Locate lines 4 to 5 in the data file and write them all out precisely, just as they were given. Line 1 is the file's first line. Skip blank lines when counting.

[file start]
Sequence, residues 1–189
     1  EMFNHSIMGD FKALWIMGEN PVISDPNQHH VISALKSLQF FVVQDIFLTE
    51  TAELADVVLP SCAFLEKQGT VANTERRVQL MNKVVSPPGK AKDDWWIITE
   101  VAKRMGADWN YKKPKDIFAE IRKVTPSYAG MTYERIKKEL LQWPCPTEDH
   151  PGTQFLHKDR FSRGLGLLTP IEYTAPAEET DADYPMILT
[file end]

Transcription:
   101  VAKRMGADWN YKKPKDIFAE IRKVTPSYAG MTYERIKKEL LQWPCPTEDH
   151  PGTQFLHKDR FSRGLGLLTP IEYTAPAEET DADYPMILT